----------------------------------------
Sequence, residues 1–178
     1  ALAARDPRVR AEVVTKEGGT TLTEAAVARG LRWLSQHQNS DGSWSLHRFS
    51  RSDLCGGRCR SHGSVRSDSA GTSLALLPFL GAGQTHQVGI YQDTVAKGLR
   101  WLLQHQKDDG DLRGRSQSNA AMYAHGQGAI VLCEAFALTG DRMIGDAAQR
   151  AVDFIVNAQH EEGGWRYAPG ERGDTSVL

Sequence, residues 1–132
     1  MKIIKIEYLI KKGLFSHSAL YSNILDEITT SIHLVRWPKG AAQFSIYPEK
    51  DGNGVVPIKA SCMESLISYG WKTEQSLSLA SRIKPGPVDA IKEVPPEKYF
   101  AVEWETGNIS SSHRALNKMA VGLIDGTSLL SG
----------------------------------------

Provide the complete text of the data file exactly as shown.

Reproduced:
Sequence, residues 1–178
     1  ALAARDPRVR AEVVTKEGGT TLTEAAVARG LRWLSQHQNS DGSWSLHRFS
    51  RSDLCGGRCR SHGSVRSDSA GTSLALLPFL GAGQTHQVGI YQDTVAKGLR
   101  WLLQHQKDDG DLRGRSQSNA AMYAHGQGAI VLCEAFALTG DRMIGDAAQR
   151  AVDFIVNAQH EEGGWRYAPG ERGDTSVL

Sequence, residues 1–132
     1  MKIIKIEYLI KKGLFSHSAL YSNILDEITT SIHLVRWPKG AAQFSIYPEK
    51  DGNGVVPIKA SCMESLISYG WKTEQSLSLA SRIKPGPVDA IKEVPPEKYF
   101  AVEWETGNIS SSHRALNKMA VGLIDGTSLL SG